My boss has told me that I need to network more. But I find networking events are ghastly, with all the eager men dribbling over me. What can I do, short of turning up to work in a bin liner?
Banker, female, 27″
While it’s not surprising that feel that attractive people fare better in the workplace and life overall, it’s not always true. People judge you based on how you hold yourself and what you project. If you walk around like you’re the hottest thing out there and wear clothes that acentutate certain assets, then you will receive exactly what you put out there. There was the case of Debrahlee Lorenzana of Citigroup last year, a full-figured Puerto Rican woman – she claims that her appearance, as much as she attempted to cover up, was just too sexy for her co-workers to handle.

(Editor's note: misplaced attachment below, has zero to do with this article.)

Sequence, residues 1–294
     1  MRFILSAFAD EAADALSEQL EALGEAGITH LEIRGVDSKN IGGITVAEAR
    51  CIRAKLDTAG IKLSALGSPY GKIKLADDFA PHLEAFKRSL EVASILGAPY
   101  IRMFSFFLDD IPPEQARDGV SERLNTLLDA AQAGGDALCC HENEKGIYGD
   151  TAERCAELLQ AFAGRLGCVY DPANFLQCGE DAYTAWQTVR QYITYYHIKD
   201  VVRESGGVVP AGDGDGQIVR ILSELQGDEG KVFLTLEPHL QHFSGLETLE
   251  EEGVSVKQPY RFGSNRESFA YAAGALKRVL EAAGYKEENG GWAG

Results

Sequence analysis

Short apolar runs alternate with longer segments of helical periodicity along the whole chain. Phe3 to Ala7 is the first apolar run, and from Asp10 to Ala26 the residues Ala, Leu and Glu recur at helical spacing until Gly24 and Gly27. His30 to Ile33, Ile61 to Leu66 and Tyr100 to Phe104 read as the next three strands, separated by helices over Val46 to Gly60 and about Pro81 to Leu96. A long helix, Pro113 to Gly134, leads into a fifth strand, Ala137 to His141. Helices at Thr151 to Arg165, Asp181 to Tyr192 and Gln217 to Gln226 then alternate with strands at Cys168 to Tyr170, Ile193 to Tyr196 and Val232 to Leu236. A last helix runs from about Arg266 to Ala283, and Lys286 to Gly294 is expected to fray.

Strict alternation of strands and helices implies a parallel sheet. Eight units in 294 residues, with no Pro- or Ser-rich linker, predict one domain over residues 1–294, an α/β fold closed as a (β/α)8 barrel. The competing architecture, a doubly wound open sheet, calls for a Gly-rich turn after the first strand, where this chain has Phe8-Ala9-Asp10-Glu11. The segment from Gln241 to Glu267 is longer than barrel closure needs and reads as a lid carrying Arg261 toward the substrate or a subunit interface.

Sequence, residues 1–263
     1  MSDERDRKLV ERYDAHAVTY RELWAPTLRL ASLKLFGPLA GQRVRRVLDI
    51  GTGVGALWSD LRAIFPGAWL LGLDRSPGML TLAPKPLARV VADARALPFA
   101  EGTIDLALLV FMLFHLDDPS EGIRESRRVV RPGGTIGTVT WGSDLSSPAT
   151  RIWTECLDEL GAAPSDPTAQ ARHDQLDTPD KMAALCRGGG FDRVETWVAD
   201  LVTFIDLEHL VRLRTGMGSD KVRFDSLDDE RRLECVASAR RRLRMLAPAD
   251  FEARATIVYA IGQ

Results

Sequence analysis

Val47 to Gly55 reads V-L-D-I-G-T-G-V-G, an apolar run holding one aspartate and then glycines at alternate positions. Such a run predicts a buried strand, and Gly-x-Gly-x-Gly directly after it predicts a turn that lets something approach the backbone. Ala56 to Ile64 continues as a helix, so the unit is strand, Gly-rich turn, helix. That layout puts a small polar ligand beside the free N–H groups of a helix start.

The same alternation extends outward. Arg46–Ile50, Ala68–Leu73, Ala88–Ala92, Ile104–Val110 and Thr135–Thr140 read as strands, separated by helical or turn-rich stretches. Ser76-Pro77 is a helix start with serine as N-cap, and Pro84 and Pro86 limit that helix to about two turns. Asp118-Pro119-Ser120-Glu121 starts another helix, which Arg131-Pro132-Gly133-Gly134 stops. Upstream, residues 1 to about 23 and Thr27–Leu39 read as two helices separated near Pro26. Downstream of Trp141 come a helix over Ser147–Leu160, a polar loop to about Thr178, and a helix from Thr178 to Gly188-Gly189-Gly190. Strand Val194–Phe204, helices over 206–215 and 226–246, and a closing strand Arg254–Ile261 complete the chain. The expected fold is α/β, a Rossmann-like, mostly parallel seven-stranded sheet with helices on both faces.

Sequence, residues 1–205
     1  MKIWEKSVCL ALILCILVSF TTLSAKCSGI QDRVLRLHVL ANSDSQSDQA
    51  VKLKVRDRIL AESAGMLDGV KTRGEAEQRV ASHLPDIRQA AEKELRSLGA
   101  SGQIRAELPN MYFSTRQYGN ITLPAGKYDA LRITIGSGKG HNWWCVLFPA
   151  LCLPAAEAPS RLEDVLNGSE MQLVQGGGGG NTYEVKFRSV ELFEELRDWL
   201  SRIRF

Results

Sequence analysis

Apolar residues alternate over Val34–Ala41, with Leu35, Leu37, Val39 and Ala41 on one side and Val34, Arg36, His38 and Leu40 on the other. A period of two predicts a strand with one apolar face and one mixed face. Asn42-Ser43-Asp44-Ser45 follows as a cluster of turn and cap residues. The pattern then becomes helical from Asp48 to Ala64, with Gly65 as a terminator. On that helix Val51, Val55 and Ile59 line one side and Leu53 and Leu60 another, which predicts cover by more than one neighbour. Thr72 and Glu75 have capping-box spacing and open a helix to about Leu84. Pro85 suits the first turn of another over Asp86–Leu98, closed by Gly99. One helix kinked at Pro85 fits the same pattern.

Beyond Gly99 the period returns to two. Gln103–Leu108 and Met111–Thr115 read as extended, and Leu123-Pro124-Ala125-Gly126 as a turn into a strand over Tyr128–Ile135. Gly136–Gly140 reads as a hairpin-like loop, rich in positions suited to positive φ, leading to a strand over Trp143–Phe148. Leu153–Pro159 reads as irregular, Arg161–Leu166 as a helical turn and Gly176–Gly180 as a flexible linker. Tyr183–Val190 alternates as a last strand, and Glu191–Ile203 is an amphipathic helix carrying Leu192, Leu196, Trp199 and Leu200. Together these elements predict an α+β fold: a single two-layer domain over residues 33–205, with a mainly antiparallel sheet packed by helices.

I have had co-workers who are drop-dead gorgeous and have all the guys drooling upon first sight, but after working with them for a while, they are highly respected and no one makes crass comments. But beautiful people don’t always have it easy, there are plenty of people out there who make it a point of putting them down, and at times they have to work harder to get the same respect a more brainy but less attractive colleague may receive.
“The findings came from a study by the University of Colorado Business School:
Attractive women were discriminated against when applying for jobs considered “masculine”, and for which appearance was not seen as important to the job… Positions such as manager of research and development, director of finance, mechanical engineer and construction supervisor were not considered favourable for attractive women.
“In every other kind of job, attractive women were preferred. This wasn’t the case with men, which shows that there is still a double standard when it comes to gender.” Attractive men, however, suffered no discrimination and were always at an advantage.
A study by MSNBC and Elle on the other hand, found “female bosses who were considered attractive were rated competent 58% of the time, compared with 23% for unattractive supervisors.”